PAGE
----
Q&A with a Bioinformatician

Abhinand Adithavarman is a bioinformatician, pursuing a PhD in the subject, at Sri Ramachandra University, Chennai. He is well-read and a curious thinker, with nine published papers to his credit. When he is not peering at his computer screen, crunching the numbers, he works with other researchers, helping them make sense of their experimental data, teaches bioinformatics to the uninitiated and delivers stimulating lectures on exciting topics. He is a rock-star scientist and the go-to guy for all things bioinformatics! He is available as a mentor with Careers Infinite.

Could you introduce bioinformatics to us?

Bioinformatics is essentially the marriage between biology and computer science, with a mother-in-law called “mathematics” and a father-in-law called “statistics,” and, say, a few other relatives called “physics” and “chemistry.” Basically, we apply computational principles to solve biological problems. Biological experiments yield a huge amount of data, and, as bioinformaticians, it is our responsibility to archive, retrieve and analyze the data as well as determine the usefulness of the data.

How long have you been in this field?

I started with a Master’s in Bioinformatics, after finishing my Bachelor’s in Biotechnology. I am currently in the final year of my PhD, waiting for my defense. My research work focuses on protein modeling and structural biology, particularly pertaining to the methylene tetrahydrofolate reductase (MTHFR) protein.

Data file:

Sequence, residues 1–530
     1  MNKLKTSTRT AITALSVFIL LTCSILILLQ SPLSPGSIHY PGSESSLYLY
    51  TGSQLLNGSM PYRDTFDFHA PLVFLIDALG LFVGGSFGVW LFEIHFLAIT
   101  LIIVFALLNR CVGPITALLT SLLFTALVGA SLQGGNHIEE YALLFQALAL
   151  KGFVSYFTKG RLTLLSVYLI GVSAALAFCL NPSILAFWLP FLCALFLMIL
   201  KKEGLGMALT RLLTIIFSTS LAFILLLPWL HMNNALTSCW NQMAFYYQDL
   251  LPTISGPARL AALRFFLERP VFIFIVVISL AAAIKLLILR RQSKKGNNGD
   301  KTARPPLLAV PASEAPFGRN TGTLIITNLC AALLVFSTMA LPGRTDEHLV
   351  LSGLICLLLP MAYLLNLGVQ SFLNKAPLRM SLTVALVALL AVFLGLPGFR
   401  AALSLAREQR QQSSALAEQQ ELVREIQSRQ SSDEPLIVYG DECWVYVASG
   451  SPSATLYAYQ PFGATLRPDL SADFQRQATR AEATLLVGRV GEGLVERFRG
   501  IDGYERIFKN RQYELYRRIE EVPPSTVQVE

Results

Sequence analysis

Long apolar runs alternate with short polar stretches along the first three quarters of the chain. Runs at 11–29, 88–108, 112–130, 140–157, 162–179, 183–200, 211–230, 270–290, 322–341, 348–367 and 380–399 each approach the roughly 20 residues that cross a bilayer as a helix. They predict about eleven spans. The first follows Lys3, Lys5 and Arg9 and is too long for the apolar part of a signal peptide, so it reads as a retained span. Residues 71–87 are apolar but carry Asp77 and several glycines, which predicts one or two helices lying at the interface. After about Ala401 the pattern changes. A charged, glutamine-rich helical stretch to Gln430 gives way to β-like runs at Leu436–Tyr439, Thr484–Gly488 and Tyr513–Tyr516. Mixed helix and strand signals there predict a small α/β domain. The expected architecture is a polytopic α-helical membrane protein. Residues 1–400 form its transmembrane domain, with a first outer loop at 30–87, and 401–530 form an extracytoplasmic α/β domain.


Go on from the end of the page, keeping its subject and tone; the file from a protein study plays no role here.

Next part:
What does one do after a PhD in bioinformatics?

Similar to any other field in the life sciences, one can get into a post-doc after PhD or take up an industry position.

Why bioinformatics?

I have always been fascinated by evolutionary biology, but I couldn’t pursue higher education in the subject due to my disability. Bioinformatics opened a new window of opportunity for me. It is not just a related discipline, but a useful tool to study evolutionary biology. I can use computational models to study phylogenetics.

Bioinformatics also has a few unique selling points: Unlike other laboratory work, if an experiment failed, you don’t have to repeat it from the beginning. You can identify your error, and rework your experiment from that point forward. It also offers flexibility to your schedule, because simulations can be run without supervision and paused and resumed if need be.

Would a bioinformatician be able to analyze data from any experiment, even without a background of biology?

Protein modeling using bioinformatics tools. Image shows the  E.Coli  methylene tetrahydrofolate receptor (MTHFR)

Protein modeling using bioinformatics tools. Image shows the E.Coli methylene tetrahydrofolate receptor (MTHFR)

Yes. Technically, all data can be reduced to numbers and it is possible to filter out useful information from that. Some of the research scientists I have worked with have been from microbiology, pharmacology and agriculture backgrounds.

Since bioinformatics is a combination of biology and mathematics, would a student of either background do well in the subject?